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Sectoral Balance Sheet Mismatches and Macroeconomic Vulnerabilities in Colombia, 1996-2003

Author

Listed:
  • Juan Manuel Lima
  • Johannes Wiegand
  • Enrique Montes
  • Carlos Varela

Abstract

We employ an extended version of the Allen et al. (2002) Balance Sheet Approach to examine macroeconomic vulnerabilities in Colombia between 1996 and 2003, based on an unusually rich data set. We find that vulnerabilities existing prior to Colombia's 1999 recession-high levels of private debt, a large negative foreign currency position of the corporate sector, and banks' exposure to stretched households and companies-receded subsequently. New vulnerabilities emerged, however, especially the high level of public debt accumulated until end-2003, and growing exposure of the financial sector to the sovereign.

Suggested Citation

  • Juan Manuel Lima & Johannes Wiegand & Enrique Montes & Carlos Varela, 2006. "Sectoral Balance Sheet Mismatches and Macroeconomic Vulnerabilities in Colombia, 1996-2003," IMF Working Papers 06/5, International Monetary Fund.
  • Handle: RePEc:imf:imfwpa:06/5
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    References listed on IDEAS

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    1. Brad Setser & Ioannis Halikias & Alexander Pitt & Christoph B. Rosenberg & Brett E. House & Jens Nystedt & Christian Keller, 2005. "Debt-Related Vulnerabilities and Financial Crises," IMF Occasional Papers 240, International Monetary Fund.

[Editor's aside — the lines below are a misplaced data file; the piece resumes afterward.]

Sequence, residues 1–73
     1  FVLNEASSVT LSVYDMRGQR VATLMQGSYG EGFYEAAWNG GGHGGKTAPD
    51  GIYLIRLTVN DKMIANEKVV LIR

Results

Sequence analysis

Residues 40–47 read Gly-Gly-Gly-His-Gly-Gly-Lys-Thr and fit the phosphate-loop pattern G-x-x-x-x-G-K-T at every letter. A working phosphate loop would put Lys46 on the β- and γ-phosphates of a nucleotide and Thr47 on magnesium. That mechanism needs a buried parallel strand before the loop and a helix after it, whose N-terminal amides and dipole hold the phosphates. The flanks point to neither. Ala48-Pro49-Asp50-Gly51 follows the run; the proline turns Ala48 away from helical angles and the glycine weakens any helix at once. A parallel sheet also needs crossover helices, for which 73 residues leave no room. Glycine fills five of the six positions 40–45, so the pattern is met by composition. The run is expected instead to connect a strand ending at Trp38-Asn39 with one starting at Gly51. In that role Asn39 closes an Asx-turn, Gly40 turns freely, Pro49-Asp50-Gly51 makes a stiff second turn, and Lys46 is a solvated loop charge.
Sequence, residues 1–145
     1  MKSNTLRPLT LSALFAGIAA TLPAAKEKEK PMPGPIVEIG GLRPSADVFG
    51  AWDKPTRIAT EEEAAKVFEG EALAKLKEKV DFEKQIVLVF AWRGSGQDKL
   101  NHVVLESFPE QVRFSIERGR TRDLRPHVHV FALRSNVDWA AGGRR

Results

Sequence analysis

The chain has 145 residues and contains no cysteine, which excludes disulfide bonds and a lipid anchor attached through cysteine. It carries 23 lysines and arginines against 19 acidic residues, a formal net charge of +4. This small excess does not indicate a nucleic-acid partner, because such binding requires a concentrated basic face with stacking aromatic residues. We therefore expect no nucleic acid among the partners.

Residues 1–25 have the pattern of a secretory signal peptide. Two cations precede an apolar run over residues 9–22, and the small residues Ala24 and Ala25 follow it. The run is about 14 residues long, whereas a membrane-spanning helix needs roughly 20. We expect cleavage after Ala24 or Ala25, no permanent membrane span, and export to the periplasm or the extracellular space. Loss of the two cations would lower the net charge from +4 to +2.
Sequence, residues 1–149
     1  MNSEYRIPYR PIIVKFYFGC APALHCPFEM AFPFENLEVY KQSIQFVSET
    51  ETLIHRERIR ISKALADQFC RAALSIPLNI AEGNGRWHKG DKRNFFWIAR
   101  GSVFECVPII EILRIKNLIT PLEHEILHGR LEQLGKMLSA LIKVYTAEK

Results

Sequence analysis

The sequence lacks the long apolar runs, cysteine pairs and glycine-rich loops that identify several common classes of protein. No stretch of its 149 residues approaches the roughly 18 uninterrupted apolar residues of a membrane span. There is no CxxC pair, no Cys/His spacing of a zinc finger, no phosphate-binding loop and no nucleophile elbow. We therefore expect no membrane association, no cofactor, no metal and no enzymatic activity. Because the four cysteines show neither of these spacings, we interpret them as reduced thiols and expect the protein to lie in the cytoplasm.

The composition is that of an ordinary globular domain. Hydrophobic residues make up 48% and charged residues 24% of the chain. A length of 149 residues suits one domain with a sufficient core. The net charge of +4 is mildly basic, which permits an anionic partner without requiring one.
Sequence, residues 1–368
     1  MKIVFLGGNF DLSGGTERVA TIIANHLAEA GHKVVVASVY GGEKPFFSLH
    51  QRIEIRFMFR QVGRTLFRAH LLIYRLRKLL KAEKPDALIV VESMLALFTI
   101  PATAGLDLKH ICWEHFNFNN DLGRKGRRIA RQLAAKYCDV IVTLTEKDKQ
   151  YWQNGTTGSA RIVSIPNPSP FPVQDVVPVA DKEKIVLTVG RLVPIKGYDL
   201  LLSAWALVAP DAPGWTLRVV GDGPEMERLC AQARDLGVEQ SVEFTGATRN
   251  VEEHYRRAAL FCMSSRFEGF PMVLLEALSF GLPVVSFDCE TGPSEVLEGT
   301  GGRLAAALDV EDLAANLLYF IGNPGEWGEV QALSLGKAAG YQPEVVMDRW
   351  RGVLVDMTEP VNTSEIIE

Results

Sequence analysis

2. Philip R. Gerson & George A Mackenzie & Peter S. Heller & Alfredo Cuevas, 2001. "Pension Reform and the Fiscal Policy Stance," IMF Working Papers 01/214, International Monetary Fund.
    3. José Darío Uribe & Hernando Vargas, 2002. "Financial Reform, Crisis and Consolidation in Colombia," Borradores de Economia 204, Banco de la Republica de Colombia.
    4. Brad Setser & Nouriel Roubini & Christian Keller & Mark Allen & Christoph B. Rosenberg, 2002. "A Balance Sheet Approach to Financial Crisis," IMF Working Papers 02/210, International Monetary Fund.
    5. Echeverry, Juan Carlos & Fergusson, Leopoldo & Steiner, Roberto & Aguilar, Camila, 2003. "'Dollar' debt in Colombian firms: are sinners punished during devaluations?," Emerging Markets Review, Elsevier, vol. 4(4), pages 417-449, December.
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    Cited by:

    1. International Monetary Fund, 2006. "Colombia; Selected Issues," IMF Staff Country Reports 06/401, International Monetary Fund.
    2. Li, Cheng, 2017. "China’s Household Balance Sheet: Accounting Issues, Wealth Accumulation, and Risk Diagnosis," MPRA Paper 79838, University Library of Munich, Germany.
    3. Serge Jeanneau & Camilo E Tovar, 2008. "Financial stability implications of local currency bond markets: an overview of the risks," BIS Papers chapters,in: Bank for International Settlements (ed.), New financing trends in Latin America: a bumpy road towards stability, volume 36, pages 65-87 Bank for International Settlements.
    4. Johan Mathisen & Anthony Pellechio, 2007. "Using the balance sheet approach in surveillance: framework, data sources, and data availability," IFC Bulletins chapters,in: Bank for International Settlements (ed.), Proceedings of the IFC Conference on "Measuring the financial position of the household sector", Basel, 30-31 August 2006 - Volume 1, volume 25, pages 7-44 Bank for International Settlements.
    5. International Monetary Fund, 2009. "Peru; Selected Issues," IMF Staff Country Reports 09/41, International Monetary Fund.

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